Leadership & Governance

The Pathway to a College Presidency Is Changing, and a New Report Outlines How

April 19, 2017

Baylor University’s newly named president, Linda A. Livingstone, has had a long career in higher education. But there’s one position that’s not on her résumé: provost.

Increasingly, that’s not an unusual step to skip, according to a report, released on Wednesday, that analyzed 840 college presidents’ CVs. While serving as provost was once a clear steppingstone on the way to the president’s office, many deans are now moving straight into the top job, according to the report, which was issued by Deloitte’s Center for Higher Education Excellence and the Georgia Institute of Technology’s Center for 21st Century Universities.

That’s what Ms. Livingstone will do. On Tuesday, Baylor announced that she would leave her current post, as dean of George Washington University’s business school, and take office as president in June.

The report, which echoes findings of a 2010 study by the Council of Independent Colleges, also notes that a handful of institutions turn up regularly on presidents’ CVs. Many are Ivy League institutions, but two surprised the report’s authors: Georgia State University and Arizona State University. The report refers to them as "talent factories" that give faculty and staff members opportunities to gain a big-picture view of their institutions and higher education in general.

Georgia State U.
Mark Becker, president of Georgia State U.: "It’s harder than it used to be being a leader in higher ed. The kind of people that are being recruited to universities have to be real problem-solvers. They can’t just be spokespersons."
Georgia State’s president, Mark P. Becker, said the university hasn’t specifically sought to develop leaders for other institutions. But he isn’t surprised that many college presidents have come from his campuses, given its size and diversity.

"It’s harder than it used to be being a leader in higher ed," he said. "The kind of people that are being recruited to universities have to be real problem-solvers. They can’t just be spokespersons."

Michael M. Crow, president of Arizona State, said technology and an increasingly globalized world have made a president’s role more dynamic and prone to change. It makes sense, then, that there is no longer one single career trajectory that leads to the top job.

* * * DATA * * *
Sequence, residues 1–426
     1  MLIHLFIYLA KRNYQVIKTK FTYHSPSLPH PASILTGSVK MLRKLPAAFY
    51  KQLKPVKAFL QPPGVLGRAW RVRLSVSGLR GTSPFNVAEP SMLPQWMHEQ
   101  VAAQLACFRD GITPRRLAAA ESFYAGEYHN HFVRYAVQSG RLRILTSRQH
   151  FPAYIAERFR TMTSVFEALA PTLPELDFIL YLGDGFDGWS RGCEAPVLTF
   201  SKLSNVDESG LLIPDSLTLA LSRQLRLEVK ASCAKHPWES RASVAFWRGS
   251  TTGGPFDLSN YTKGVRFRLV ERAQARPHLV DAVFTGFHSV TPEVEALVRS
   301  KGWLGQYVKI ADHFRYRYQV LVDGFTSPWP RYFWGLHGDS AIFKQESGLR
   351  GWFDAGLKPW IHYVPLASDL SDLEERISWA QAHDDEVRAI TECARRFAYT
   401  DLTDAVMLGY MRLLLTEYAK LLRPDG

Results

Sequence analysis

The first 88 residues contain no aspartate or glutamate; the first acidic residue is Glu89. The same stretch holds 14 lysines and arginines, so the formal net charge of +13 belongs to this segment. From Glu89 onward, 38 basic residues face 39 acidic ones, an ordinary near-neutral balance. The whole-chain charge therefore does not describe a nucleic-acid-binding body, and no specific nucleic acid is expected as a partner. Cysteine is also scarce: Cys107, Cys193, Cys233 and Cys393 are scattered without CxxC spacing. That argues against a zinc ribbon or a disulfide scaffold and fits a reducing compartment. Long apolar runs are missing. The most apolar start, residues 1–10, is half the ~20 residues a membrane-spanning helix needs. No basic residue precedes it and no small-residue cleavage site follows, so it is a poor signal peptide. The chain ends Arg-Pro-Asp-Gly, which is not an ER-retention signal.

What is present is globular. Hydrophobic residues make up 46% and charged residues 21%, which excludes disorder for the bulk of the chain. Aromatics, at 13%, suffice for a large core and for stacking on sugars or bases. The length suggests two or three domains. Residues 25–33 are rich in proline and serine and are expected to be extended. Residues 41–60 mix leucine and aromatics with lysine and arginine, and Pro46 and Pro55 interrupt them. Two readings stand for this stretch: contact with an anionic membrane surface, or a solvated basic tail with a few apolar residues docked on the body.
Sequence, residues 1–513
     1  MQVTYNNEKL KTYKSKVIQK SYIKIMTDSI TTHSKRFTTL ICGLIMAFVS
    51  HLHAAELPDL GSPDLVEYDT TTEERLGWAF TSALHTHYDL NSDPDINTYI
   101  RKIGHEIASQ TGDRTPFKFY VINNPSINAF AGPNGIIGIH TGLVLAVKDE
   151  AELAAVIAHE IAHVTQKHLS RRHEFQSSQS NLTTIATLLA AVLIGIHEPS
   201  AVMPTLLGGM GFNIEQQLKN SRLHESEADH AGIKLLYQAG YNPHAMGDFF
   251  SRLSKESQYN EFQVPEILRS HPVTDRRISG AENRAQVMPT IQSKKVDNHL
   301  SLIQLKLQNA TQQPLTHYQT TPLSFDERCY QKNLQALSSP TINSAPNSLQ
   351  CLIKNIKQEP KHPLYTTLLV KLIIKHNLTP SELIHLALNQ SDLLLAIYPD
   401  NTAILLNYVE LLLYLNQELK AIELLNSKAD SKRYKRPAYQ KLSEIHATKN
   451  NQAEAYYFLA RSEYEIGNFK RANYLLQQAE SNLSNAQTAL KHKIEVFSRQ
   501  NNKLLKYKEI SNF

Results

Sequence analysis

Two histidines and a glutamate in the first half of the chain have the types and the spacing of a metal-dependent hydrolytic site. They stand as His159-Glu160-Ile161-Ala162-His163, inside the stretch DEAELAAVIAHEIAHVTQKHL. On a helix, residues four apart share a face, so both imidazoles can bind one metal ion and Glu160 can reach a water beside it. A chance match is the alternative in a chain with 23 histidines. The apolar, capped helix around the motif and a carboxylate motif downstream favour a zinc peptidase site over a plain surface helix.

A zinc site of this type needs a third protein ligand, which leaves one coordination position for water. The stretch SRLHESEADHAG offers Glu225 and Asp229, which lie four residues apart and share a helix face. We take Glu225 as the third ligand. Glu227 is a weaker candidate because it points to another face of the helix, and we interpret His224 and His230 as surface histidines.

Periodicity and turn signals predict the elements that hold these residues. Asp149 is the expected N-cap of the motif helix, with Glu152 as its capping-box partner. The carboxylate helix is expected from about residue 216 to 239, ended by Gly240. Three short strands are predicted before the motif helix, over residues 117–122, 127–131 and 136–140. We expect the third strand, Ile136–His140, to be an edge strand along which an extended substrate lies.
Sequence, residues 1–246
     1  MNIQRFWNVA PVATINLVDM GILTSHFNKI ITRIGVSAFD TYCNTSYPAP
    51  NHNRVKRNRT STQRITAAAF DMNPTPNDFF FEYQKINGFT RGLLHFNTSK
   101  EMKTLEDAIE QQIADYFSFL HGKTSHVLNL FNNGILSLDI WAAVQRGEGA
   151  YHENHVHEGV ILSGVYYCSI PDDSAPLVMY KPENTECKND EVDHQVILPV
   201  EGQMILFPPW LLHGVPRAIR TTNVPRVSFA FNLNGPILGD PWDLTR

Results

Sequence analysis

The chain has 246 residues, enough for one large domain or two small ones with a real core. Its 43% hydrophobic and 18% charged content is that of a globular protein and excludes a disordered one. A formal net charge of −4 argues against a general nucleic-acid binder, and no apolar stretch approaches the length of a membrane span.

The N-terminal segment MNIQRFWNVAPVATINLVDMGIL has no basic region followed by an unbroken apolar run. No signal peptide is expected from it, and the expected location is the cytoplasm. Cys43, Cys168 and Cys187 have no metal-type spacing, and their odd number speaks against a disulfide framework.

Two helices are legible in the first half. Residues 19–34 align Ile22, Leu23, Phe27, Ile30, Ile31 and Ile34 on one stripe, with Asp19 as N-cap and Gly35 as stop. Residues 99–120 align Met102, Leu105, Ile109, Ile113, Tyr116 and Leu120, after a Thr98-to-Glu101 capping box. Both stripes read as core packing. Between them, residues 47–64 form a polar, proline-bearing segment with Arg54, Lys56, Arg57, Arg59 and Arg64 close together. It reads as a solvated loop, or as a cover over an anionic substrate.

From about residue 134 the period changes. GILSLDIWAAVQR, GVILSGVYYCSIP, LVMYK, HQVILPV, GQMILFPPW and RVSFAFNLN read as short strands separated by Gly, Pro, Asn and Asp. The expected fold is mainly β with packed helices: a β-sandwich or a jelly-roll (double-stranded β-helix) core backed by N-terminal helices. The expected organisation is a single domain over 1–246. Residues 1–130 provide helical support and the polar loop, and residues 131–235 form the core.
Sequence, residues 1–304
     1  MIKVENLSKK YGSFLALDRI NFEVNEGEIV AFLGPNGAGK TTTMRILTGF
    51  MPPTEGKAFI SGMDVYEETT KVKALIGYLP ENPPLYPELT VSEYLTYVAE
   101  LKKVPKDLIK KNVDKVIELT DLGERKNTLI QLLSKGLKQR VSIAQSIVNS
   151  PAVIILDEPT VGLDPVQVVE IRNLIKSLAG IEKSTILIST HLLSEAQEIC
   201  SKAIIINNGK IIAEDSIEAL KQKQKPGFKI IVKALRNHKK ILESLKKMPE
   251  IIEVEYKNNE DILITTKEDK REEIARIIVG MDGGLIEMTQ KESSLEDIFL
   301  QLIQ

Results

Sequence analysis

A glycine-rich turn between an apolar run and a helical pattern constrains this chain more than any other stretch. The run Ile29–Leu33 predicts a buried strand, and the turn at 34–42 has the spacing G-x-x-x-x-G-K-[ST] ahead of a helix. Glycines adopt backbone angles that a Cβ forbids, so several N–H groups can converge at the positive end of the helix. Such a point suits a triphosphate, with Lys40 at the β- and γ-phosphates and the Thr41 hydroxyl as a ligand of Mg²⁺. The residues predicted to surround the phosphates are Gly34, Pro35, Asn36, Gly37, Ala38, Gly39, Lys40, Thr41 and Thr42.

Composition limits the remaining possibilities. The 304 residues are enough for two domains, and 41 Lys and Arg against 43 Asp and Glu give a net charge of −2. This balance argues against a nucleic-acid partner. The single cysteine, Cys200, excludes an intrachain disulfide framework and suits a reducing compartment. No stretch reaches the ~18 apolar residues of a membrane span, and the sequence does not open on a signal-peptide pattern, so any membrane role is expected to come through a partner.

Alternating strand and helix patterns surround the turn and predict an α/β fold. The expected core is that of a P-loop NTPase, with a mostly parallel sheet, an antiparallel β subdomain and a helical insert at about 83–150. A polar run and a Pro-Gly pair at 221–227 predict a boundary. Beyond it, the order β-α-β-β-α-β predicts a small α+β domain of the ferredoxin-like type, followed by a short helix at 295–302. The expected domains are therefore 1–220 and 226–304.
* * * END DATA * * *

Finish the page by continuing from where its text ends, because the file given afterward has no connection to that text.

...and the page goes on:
"Any sort of normal pattern of movement to leadership — you do A, then B, then C — those are models that are largely likely to not be able to produce the types of changes at the rates needed," Mr. Crow said.

Arizona State holds two-day "leadership academies" to train faculty and staff members to look for new ways to run their departments, colleges, or centers, Mr. Crow said. Evidently, some also move on to run other institutions.

Breadth and Depth of Knowledge

But Mr. Becker said that some important experience may be lost when a campus leader bypasses the provost’s office, moving straight from dean to president.

"The provost is where you get the experience with the total richness of the institution," he said. While deans serve as the faces of their institutions, raising funds and advocating for their needs, provosts must learn the ins and outs of a group of very different constituencies, sometimes including hospitals, law schools, and liberal-arts colleges. The dean’s skills may be more obviously transferable to the job of a president, but the provost’s depth of knowledge is important too.

The ever-present risk of a campus crisis, the increasingly diverse nature of student bodies, and rolling debates about the value of higher education may tempt presidents to look for quick wins, the report warns. They shouldn’t.

"This short-term thinking surfaces in a variety of ways," the report says. The risks include "academic programming tied to the current job market; technology purchases that simply patch rather than solve problems; enrollment plans that ignore demographic shifts among students; fund raising that focuses on immediate dollars rather than building a pipeline for future commitments; and strategic plans that are completely rewritten each time a new president is installed."

Especially when they join an institution at a tumultuous time, "presidents need to resist the urge to rush," Georgetown University’s president, John J. DeGioia, told the report’s authors, who include Jeffrey J. Selingo, a visiting scholar at Georgia Tech, a special adviser at Arizona State, and a former Chronicle editor. "It is very hard to guide these places through the disruptions."

The report recommends more intentional training for would-be presidents, whether a college adopts a national model, like the Aspen Presidential Fellowship for Community College Excellence, or develops one internally. The authors also note that hiring committees need a better understanding of the complexity of the president’s job and should be willing to look outside the traditional pipeline for candidates.

And it predicts that many college and university trustees and executives will have to consider those suggestions soon if they aren’t already: A sizable cohort of presidents is now hitting retirement age, and many other campus leaders have been ousted in the wake of public scandals.

Nell Gluckman writes about faculty issues and other topics in higher education. You can follow her on Twitter @nellgluckman, or email her at nell.gluckman@chronicle.com.